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miR-204 Targeting of Ankrd13A Controls Both Mesenchymal Neural Crest and Lens Cell Migration

miR-204 Targeting of Ankrd13A Controls Both Mesenchymal Neural Crest and Lens Cell Migration

  • Raffaella Avellino, 
  • Sabrina Carrella, 
  • Marinella Pirozzi, 
  • Maurizio Risolino, 
  • Francesco Giuseppe Salierno, 
  • Paola Franco, 
  • Patrizia Stoppelli, 
  • Pasquale Verde, 
  • Sandro Banfi, 
  • Ivan Conte
PLOS
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Abstract

Loss of cell adhesion and enhancement of cell motility contribute to epithelial-to-mesenchymal transition during development. These processes are related to a) rearrangement of cell-cell and cell-substrate adhesion molecules; b) cross talk between extra-cellular matrix and internal cytoskeleton through focal adhesion molecules. Focal adhesions are stringently regulated transient structures implicated in cell adhesion, spreading and motility during tissue development. Importantly, despite the extensive elucidation of the molecular composition of focal adhesions, the complex regulation of their dynamics is largely unclear. Here, we demonstrate, using live-imaging in medaka, that the microRNA miR-204 promotes both mesenchymal neural crest and lens cell migration and elongation. Overexpression of miR-204 results in upregulated cell motility, while morpholino-mediated ablation of miR-204 activity causes abnormal lens morphogenesis and neural crest cell mislocalization. Using a variety of in vivo and in vitro approaches, we demonstrate that these actions are mediated by the direct targeting of the Ankrd13A gene, which in turn controls focal cell adhesion formation and distribution. Significantly, in vivo restoration of abnormally elevated levels of Ankrd13A resulting from miR-204 inactivation rescued the aberrant lens phenotype in medaka fish. These data uncover, for the first time in vivo, the role of a microRNA in developmental control of mesenchymal cell migration and highlight miR-204 as a “master regulator” of the molecular networks that regulate lens morphogenesis in vertebrates.

Introduction

Cell migration plays a key roles in embryo morphogenesis [1]. Migrating cells are often classified into two groups, namely a) epithelial cells, which move in a coordinated manner and maintain their cohesive contacts during tissue patterning [2] and b) mesenchymal cells that loose cell-cell contacts and undergo solitary migration, controlled by the cross talk between the extra-cellular matrix and the internal cytoskeleton through focal adhesion (FA) molecules [3]. Coordinated and dynamic regulation of FA complexes and the actin structures with which they are associated are critical for cell proliferation, survival, cell adhesion and motility [4]. Specific macromolecular structures in FAs are reiteratively assembled and disassembled in cells, principally due to multiple binding sites that are contained in most components of FAs, to control the subsequent cellular motility and adhesion programs [5], [6], [7]. Most of these cellular processes are critically sensitive to FA composition, and variations in the normal level of each FA proteins appear to result in a variety of cellular motility, spreading and adhesion anomalies [8]. However, the mechanisms underlying the precise expression regulation of each FA components are still poorly understood and probably involve additional molecular elements.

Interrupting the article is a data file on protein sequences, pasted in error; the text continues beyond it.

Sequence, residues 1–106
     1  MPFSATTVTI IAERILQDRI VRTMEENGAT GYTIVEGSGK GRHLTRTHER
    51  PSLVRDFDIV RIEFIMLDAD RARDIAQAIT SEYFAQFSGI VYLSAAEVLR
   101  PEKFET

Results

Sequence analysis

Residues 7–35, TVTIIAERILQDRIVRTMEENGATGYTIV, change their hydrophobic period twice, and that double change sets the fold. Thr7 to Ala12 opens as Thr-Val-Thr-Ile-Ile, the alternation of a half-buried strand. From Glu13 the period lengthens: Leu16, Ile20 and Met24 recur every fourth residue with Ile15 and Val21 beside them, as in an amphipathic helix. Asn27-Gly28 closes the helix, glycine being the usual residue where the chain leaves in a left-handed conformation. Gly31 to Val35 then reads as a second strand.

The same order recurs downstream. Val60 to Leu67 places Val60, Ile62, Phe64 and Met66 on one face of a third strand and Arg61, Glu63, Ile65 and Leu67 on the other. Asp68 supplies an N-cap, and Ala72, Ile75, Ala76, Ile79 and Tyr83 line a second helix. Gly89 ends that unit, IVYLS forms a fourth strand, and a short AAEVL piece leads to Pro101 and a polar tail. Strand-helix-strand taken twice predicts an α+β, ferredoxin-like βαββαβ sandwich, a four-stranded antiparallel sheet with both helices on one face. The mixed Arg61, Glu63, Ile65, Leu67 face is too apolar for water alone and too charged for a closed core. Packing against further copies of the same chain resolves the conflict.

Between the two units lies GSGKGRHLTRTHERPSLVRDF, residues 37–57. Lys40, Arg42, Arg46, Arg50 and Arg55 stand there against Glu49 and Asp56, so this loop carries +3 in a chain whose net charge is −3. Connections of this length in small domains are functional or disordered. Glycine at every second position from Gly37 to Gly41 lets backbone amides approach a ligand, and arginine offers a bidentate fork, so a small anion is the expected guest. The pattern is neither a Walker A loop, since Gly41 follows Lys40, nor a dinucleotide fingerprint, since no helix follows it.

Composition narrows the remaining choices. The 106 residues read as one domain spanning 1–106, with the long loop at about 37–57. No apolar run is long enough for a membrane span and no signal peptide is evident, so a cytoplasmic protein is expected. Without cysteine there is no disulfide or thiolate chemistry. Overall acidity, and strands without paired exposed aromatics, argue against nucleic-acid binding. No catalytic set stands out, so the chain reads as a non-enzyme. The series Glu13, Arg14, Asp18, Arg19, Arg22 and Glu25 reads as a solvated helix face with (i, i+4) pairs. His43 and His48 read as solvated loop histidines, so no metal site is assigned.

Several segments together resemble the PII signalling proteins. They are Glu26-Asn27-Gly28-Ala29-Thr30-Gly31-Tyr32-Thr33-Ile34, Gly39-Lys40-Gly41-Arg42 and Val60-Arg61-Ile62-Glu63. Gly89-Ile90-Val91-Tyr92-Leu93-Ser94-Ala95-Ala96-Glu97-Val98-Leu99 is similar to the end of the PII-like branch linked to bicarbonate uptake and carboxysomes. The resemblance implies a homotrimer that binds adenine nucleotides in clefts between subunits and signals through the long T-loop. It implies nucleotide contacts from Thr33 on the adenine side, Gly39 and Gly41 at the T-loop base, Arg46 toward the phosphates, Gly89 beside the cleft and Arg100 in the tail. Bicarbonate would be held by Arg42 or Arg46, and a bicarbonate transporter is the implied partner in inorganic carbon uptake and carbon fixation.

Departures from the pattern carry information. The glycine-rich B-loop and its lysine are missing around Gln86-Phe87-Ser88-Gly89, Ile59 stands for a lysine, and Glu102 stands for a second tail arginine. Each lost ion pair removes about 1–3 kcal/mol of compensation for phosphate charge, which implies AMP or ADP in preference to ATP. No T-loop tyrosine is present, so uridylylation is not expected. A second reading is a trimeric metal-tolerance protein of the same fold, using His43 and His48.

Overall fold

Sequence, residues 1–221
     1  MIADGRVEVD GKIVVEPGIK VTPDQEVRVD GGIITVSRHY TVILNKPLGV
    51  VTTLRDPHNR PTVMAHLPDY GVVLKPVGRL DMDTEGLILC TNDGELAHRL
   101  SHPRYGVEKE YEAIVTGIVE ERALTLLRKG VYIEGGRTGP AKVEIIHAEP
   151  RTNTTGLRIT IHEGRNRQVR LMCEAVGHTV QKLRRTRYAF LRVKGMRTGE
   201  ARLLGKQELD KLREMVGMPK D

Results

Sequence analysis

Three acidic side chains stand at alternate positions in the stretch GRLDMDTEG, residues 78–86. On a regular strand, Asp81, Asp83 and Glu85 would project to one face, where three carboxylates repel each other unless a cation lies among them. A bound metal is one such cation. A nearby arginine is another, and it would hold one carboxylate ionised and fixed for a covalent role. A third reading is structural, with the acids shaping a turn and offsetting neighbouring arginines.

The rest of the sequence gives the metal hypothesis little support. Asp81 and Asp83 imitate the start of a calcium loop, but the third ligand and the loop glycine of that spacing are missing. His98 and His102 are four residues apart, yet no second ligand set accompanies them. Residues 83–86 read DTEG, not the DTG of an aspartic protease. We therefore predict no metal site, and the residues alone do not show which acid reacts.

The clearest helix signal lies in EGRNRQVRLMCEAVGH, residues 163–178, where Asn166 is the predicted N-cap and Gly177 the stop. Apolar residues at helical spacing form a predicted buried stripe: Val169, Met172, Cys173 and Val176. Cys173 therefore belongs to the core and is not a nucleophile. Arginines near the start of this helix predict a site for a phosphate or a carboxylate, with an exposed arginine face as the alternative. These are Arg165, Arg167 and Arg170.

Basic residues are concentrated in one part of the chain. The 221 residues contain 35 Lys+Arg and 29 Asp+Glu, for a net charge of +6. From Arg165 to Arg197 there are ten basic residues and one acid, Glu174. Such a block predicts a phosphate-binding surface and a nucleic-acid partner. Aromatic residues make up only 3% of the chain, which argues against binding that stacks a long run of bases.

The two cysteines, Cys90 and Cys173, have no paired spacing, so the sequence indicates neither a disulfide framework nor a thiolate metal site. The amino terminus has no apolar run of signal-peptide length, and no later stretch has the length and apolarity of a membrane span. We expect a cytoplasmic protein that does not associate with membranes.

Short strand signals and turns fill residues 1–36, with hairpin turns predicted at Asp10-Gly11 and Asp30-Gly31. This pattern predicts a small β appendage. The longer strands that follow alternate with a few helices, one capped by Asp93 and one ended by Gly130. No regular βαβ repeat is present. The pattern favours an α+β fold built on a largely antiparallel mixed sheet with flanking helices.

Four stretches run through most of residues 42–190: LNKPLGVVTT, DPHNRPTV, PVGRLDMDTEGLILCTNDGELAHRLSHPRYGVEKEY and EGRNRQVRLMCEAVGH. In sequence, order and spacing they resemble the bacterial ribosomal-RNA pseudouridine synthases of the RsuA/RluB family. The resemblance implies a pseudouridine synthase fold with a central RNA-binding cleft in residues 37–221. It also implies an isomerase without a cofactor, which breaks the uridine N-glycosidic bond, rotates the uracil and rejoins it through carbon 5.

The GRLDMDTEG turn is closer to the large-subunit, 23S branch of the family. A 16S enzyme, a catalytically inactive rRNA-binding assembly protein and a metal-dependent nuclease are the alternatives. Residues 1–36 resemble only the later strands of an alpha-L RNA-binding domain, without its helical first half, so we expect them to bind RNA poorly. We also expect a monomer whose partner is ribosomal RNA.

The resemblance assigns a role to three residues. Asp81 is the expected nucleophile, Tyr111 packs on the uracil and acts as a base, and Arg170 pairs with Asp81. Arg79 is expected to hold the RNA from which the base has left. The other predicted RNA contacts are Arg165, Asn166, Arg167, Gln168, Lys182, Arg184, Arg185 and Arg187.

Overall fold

MicroRNAs (miRNAs), a class of 20- to 25-nucleotide small noncoding RNA molecules with a basic role in post-transcriptional regulation of gene expression [9], are expected to play critical roles in the control of cell migration and adhesion and to directly contribute to extracellular matrix (ECM) remodeling [10]. However, in spite of a number of reports that document the role of miRNAs in the regulation of cell migration and the posttranscriptional control of cell adhesion molecules in vitro [10], [11], [12], the mechanisms of miRNA-dependent control of cell migration in living organisms remain currently elusive.

MiR-204 displays an evolutionary conserved predominant expression in the eye, particularly in the retinal pigment epithelium (RPE), lens, ciliary body, retina and migratory neural crest cells (NCCs) [13], [14]. Interestingly, through in vitro studies, miR-204 has been associated with cell migration and invasiveness [15], [16], [17], [18], [19], [20]. However, it is completely unknown whether this miRNA has a similar function in cells of living organisms. Our previous work showed that miR-204, by modulating the expression of the Meis2 target gene, plays a role in the control of lens and retinal development in the medaka fish model organism [13] and presumably has a similar role in other vertebrates (although this remains to be demonstrated). Notably, knockdown of miR-204 in medaka fish led to mislocalization of lens fiber cells during embryo development [13]. However, the activity of miR-204 in cell migration, and its specific influence on lens fiber cell organization is not Meis2-dependent [13] and has not been elucidated yet. Lens epithelial cells derive from the surface ectoderm and differentiate into elongated mesenchymal-like lens fiber cells by transcriptional reprogramming, as shown by the activation of type I collagen and α-smooth muscle actin expression (α-SMA) during differentiation [21], [22], [23]. This differentiation process is coupled with directed migration and modification of both cell-cell and cell-matrix adhesion properties [24]. Here, we investigated in vivo the function of miR-204 in cell migration. By combining a variety of gain- and loss-of-function approaches, we demonstrate that miR-204 controls the migration of mesenchymal-like lens fiber cells and NCCs. Our results indicate that, in exerting this action, miR-204 regulates FA formation through direct targeting of the Ankrd13A gene. This study sheds further light on the functional role of miR-204 in eye development and provides support to the contribution of miRNA activity in the regulation of mesenchymal cell migration in vivo.